Phoenicians did not have a chance to taste oranges, but today’s Finike, which was once home to the ancient civilization, is now famous for its bright sunny globes.
The oranges as we knew today arrived from China via the Portuguese in the 16th century. It took some time for the orange to become abundant and popular, but eventually they made it perfectly on home the Mediterranean shores of Anatolia.The figs of Aydın and the raisins of the Aegean region have always been native to this land, and both have been world-famous since antiquity under the name of Smyrna – a reference to the port of Izmir, their historical place of export. Few know that Turkey is the number-one hazelnut-growing country in the world – perhaps except for the tight-lipped praline and chocolate manufacturers of Europe who prefer to keep it a secret for themselves.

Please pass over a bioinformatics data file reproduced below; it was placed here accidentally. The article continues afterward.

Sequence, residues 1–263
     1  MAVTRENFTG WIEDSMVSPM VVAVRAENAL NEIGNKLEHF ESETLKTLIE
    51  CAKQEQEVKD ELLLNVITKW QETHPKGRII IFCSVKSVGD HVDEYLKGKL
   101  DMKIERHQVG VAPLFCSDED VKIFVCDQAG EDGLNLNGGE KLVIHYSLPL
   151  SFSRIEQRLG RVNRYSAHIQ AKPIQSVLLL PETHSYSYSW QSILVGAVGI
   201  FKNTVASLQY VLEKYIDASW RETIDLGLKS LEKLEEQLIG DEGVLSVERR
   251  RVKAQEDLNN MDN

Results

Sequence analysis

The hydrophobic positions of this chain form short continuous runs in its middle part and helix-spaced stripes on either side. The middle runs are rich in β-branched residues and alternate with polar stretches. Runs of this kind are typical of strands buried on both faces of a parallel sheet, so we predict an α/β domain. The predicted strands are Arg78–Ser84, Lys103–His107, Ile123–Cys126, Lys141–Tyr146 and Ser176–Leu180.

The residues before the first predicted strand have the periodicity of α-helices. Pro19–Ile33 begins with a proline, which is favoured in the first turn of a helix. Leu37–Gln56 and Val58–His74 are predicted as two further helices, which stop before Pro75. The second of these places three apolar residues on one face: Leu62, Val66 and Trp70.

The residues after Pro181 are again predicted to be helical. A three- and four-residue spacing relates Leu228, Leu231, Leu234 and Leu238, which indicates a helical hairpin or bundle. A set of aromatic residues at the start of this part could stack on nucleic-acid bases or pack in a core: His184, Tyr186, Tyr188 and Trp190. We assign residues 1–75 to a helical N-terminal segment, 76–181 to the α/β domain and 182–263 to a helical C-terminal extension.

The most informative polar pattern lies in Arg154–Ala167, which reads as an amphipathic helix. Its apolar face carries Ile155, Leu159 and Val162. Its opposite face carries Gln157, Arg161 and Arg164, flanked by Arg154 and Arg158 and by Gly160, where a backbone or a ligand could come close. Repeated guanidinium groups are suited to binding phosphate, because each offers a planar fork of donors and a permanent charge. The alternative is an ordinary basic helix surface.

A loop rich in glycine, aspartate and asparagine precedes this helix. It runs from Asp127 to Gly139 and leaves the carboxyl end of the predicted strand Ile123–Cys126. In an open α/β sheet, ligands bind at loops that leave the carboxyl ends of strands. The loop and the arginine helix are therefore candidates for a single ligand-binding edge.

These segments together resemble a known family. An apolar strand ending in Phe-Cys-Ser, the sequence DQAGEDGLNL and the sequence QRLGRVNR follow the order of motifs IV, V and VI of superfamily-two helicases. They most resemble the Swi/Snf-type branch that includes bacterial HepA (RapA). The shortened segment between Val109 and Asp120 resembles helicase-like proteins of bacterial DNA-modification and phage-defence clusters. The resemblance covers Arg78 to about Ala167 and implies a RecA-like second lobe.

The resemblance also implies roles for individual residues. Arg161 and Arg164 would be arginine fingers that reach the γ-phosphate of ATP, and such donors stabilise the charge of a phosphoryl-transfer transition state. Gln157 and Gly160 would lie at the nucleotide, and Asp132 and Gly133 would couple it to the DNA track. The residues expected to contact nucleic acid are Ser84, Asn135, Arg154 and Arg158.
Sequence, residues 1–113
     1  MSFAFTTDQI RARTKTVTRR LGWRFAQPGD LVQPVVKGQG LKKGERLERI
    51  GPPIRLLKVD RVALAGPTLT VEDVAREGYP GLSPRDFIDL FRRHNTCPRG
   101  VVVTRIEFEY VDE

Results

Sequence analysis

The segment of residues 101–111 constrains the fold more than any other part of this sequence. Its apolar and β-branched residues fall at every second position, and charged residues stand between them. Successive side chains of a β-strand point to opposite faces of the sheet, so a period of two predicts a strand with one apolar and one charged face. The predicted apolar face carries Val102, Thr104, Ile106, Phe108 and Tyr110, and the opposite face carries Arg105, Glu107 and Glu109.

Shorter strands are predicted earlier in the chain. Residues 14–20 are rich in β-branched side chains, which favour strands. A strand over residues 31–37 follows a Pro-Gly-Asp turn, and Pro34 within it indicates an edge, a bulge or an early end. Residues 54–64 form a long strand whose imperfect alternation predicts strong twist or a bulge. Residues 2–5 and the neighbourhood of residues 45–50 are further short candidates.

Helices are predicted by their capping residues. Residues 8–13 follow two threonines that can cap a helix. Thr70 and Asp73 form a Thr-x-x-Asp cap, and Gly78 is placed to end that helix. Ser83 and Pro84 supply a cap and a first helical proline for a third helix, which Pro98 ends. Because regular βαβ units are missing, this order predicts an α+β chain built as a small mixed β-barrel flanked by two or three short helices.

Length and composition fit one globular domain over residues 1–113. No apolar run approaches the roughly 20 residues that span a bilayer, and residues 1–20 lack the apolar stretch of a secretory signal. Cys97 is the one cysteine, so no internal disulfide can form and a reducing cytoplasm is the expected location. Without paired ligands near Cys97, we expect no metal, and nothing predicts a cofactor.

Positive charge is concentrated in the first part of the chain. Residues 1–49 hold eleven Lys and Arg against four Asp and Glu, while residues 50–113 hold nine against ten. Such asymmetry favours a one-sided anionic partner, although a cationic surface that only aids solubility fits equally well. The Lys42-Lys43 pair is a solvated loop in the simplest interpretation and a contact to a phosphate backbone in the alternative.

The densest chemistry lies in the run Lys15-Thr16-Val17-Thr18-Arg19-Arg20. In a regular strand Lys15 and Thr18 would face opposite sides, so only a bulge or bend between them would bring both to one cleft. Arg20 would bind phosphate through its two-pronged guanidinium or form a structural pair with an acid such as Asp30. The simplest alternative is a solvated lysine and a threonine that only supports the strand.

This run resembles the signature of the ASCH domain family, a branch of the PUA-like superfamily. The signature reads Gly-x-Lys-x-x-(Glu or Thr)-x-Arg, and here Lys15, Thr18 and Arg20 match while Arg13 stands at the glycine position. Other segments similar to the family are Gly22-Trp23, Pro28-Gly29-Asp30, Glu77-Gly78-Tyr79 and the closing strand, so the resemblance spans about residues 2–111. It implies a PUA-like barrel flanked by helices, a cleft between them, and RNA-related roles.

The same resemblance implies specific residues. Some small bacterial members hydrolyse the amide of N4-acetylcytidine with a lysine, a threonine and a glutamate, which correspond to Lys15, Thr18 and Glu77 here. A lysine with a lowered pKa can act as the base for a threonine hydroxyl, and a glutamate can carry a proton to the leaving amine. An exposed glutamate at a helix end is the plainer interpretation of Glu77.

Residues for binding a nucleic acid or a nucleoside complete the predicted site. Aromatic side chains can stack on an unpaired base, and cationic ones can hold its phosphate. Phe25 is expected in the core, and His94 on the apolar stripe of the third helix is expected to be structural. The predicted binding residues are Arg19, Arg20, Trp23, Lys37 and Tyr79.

All these treasures have been registered with a geographical indication since 1995, but only now can we find them on the shelves of a wholesale mega-market store. geographical indication is a sign used on goods that have a specific geographical origin and possess qualities, reputation or characteristics that are essentially related to a particular location or region. Most commonly, a geographical indication includes the name of the place of origin of the goods. Agricultural products typically have qualities that derive from their place of production and are influenced by specific local factors, such as climate and soil. Whether a sign is recognized as a geographical indication is a matter of national law. Geographical indications may be used for a wide variety of products, whether natural, agricultural or manufactured.